Web Standards Project Calls on Public to Pressure Microsoft to Fully Support Web Standards in Their Browser
Released: November 2000 | Author: George Olsen on behalf of The Web Standards Project
The Web Standards Project (WSP) today asked the public to join its efforts in calling on Microsoft to fully support key Web standards in its next release of Internet Explorer.
“The dispute between AOL and Microsoft over instant messaging shows how incompatible standards hurt the public,” said WSP Project Leader George Olsen. “For browsers, there ARE common standards but Microsoft appears to be noncommittal about finishing off implementing them in Internet Explorer, saying there isn’t public demand for them.”
“Unfortunately, implementing most of these standards but not finishing key areas is like building a car but forgetting to install the steering wheel,” Olsen said. “Technically, it’s almost done, but it’s not usable.”
WSP is encouraging Web site owners, builders and visitors to
voice their support for standards implementation by writing to
WSP’s Steering Committee kicked off this public lobbying campaign by sending the following statement to Microsoft:
An Open Letter to Microsoft: It’s Time to Get It Right
As a member of the Web Standards Project and a working developer building Web sites, I am writing to ask that Microsoft take the next logical step in its support for W3C standards, and deliver full (100%) support for Cascading Style Sheets Level-1, HTML 4.0, DOM 1.0 and XML 1.0 in the next version of Internet Explorer.
Full support of these standards will enable developers and designers to finally embrace this technology, which Microsoft helped create, and which Microsoft was the first to begin supporting. In its dispute with AOL over instant messaging, Microsoft has made compelling arguments about the value of commonly supported standards and I believe those arguments apply just as strongly to browsers as well.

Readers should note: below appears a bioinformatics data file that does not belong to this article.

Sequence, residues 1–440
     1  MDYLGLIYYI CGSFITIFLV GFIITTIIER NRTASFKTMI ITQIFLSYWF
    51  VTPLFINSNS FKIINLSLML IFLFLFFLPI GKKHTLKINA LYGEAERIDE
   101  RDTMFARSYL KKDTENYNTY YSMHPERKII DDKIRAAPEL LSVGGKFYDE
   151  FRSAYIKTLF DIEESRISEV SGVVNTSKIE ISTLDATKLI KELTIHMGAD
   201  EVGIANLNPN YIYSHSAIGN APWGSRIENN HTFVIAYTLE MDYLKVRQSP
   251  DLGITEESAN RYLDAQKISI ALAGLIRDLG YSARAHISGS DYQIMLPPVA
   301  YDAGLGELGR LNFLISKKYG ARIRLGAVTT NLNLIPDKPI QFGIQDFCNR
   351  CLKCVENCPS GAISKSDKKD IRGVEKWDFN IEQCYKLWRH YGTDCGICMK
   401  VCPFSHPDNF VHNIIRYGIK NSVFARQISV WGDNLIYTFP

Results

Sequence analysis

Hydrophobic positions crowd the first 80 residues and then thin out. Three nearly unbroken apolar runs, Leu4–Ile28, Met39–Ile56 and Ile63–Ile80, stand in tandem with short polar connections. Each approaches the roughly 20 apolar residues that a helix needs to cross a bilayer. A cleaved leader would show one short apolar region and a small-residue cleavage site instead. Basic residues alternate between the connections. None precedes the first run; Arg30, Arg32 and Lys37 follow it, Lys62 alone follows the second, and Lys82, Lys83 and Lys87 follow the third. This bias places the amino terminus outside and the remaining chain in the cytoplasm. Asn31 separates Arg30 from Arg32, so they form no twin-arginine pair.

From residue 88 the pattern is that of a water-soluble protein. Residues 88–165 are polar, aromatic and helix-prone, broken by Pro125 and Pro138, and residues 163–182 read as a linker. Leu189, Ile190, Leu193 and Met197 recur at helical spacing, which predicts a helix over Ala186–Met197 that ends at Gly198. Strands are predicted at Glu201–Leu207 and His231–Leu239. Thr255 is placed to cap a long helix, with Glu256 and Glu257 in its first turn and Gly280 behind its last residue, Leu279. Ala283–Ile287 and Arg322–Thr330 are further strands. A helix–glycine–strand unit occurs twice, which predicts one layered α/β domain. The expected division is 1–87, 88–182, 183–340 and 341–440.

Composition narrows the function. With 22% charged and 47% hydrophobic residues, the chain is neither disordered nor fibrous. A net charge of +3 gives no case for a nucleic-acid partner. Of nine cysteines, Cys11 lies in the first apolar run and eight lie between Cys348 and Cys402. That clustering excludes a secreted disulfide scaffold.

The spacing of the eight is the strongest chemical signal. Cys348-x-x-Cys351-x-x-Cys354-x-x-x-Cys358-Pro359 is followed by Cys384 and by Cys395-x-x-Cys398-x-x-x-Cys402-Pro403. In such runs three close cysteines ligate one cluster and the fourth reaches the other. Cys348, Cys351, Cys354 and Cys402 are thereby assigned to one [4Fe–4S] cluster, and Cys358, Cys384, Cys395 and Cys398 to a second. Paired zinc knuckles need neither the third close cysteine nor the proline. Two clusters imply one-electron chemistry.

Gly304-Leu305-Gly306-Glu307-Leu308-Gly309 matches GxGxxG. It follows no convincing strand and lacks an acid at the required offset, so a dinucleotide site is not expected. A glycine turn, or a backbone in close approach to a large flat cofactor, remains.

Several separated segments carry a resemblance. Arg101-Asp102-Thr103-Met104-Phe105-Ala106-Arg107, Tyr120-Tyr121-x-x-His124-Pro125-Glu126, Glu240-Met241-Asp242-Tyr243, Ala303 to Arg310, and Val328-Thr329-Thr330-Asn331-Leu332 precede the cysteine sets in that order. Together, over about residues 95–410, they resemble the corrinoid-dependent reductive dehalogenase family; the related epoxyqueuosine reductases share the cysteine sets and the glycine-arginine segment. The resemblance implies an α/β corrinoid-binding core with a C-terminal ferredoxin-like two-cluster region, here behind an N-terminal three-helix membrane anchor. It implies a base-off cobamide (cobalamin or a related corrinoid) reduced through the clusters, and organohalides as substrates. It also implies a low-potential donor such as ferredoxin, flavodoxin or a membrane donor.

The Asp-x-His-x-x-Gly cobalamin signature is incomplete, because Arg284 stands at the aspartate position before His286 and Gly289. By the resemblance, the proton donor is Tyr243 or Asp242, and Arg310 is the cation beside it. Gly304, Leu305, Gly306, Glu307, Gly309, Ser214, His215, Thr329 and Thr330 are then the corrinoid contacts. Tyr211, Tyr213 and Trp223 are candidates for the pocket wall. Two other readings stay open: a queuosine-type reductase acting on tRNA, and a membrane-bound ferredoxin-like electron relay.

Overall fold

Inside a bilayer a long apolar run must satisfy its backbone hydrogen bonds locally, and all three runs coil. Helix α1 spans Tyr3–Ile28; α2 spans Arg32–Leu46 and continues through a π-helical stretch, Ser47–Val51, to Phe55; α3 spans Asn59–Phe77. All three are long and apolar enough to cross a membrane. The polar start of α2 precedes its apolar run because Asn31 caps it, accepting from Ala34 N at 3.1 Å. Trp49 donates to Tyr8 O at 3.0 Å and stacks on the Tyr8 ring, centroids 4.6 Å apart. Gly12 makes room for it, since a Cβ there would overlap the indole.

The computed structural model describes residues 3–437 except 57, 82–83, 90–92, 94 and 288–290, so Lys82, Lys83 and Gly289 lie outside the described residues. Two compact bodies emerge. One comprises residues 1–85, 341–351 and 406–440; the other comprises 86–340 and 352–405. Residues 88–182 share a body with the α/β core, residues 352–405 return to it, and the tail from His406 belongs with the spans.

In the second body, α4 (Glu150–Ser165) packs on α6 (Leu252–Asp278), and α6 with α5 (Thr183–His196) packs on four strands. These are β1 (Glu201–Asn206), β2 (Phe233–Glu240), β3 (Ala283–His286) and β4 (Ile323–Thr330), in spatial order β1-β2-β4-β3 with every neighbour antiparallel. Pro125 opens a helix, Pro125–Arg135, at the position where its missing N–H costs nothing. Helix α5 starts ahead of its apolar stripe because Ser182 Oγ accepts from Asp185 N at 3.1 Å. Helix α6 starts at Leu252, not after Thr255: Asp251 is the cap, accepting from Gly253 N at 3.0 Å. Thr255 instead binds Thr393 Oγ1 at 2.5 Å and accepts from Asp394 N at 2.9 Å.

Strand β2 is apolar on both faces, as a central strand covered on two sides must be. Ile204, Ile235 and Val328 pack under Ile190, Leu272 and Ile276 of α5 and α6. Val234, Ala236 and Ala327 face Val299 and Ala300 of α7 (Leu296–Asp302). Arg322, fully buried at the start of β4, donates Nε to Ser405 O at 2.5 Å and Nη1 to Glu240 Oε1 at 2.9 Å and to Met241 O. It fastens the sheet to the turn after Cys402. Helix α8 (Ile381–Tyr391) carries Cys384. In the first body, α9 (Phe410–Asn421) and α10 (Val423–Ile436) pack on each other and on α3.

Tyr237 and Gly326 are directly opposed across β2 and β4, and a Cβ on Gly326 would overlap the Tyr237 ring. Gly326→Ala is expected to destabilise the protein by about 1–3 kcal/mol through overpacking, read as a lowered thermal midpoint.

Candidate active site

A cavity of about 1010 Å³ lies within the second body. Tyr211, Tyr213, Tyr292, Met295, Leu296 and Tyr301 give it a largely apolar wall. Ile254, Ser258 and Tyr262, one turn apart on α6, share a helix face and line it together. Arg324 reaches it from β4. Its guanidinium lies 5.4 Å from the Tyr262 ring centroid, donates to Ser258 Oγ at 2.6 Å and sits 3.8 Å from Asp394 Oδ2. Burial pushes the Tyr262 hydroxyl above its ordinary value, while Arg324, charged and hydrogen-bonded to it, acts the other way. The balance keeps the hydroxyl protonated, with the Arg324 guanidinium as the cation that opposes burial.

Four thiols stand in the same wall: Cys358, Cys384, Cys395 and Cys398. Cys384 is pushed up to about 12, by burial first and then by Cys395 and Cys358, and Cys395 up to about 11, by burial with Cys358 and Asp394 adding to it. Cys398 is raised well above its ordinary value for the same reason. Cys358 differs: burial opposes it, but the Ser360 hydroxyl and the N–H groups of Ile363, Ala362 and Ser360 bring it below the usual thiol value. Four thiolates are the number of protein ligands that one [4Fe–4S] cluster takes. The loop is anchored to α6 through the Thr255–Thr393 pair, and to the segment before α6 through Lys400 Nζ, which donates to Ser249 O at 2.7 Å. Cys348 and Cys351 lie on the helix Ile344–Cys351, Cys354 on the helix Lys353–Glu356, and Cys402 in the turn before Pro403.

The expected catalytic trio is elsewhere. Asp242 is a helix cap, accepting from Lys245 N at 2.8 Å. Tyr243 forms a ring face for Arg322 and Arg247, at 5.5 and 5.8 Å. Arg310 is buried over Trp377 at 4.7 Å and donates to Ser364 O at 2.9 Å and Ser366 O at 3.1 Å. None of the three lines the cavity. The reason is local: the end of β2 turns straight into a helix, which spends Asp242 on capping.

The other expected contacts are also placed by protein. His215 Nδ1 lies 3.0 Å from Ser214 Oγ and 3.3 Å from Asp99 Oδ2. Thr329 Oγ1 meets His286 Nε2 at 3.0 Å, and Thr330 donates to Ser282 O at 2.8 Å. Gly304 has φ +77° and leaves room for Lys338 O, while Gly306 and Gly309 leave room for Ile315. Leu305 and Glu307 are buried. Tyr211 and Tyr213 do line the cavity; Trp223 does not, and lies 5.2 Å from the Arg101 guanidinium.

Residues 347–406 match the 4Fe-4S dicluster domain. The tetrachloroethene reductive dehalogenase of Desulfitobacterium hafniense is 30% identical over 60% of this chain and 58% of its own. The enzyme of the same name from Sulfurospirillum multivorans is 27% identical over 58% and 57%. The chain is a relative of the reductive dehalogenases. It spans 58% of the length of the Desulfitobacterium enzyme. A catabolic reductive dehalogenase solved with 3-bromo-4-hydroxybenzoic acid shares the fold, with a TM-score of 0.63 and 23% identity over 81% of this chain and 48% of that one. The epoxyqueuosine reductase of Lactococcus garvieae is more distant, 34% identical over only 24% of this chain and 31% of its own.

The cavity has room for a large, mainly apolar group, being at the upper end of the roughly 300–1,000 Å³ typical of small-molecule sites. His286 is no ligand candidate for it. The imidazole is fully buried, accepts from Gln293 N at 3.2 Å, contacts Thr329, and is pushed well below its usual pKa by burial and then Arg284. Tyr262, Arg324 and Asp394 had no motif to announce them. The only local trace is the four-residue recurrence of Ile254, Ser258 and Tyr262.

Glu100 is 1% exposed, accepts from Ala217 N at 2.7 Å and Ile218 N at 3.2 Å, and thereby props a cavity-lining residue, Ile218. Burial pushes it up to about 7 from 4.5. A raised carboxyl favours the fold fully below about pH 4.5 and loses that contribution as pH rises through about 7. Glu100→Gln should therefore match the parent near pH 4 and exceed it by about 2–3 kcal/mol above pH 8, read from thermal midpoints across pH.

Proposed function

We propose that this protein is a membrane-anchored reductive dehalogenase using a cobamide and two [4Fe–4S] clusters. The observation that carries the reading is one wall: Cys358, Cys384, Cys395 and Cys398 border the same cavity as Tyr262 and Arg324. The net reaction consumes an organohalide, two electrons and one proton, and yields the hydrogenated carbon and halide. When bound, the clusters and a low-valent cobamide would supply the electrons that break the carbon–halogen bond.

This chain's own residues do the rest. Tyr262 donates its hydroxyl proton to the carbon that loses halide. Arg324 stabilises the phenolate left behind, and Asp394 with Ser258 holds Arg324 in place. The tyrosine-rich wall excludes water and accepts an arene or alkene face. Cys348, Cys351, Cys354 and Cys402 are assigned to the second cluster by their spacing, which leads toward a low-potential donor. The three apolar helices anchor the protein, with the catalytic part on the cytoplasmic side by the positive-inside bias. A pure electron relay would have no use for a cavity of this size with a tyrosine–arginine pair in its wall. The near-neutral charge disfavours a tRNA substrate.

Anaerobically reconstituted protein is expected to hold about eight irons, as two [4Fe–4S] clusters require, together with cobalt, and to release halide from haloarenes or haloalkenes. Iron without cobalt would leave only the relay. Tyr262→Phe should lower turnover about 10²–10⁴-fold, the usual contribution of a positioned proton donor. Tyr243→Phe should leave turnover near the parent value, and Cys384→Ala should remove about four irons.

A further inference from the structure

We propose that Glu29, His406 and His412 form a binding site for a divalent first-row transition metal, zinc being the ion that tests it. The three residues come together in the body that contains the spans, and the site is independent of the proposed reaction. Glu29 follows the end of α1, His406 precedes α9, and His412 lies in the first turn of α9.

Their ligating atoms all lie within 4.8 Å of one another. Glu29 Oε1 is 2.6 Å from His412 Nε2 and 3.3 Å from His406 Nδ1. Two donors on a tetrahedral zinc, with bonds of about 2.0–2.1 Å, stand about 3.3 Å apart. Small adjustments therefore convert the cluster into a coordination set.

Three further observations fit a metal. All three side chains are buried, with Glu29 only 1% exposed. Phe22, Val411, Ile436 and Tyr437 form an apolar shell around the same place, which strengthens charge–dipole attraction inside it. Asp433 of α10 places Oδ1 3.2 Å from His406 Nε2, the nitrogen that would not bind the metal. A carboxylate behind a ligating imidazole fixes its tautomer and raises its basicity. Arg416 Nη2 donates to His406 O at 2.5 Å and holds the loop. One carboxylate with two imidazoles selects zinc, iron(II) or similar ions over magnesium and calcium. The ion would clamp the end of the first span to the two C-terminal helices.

Less than full support in Internet Explorer would be a bad marketing decision when its largest competitor delivers the goods. Microsoft’s support for these standards has been far superior to Netscape’s, but that will change when Netscape releases Navigator 5.0, which appears headed toward fulfilling its promise of 100% support for these standards, according to independent reports.
For the good of your browser and the advancement of the Web as a great medium for communications, commerce, and art, I urge you to go the distance and make full support for these standards a priority for your Internet Explorer development team.
If you cannot commit to that time frame, I’d like to know when Microsoft DOES plan to deliver full support for these standards. If the answer is “never,” I’d like to know that, too, so I can let my clients and site visitors know that standards-compliant sites may not work properly on Internet Explorer.
The Web Standards Project Steering Committee
George Olsen, Project Leader
Jeff Zeldman, Site Design
Today WSP also presented Microsoft with a Web standards petition signed by more than 1,000 Web developers from Fortune 500 companies and major educational and government institutions. (See related press release: “Web Standards Project calls on Microsoft to fully support Web standards in their next version of their Internet Explorer browser.”)
About the Web Standards Project
The Web Standards Project is a grassroots coalition fighting for standards which ensure simple, affordable access to web technologies for all.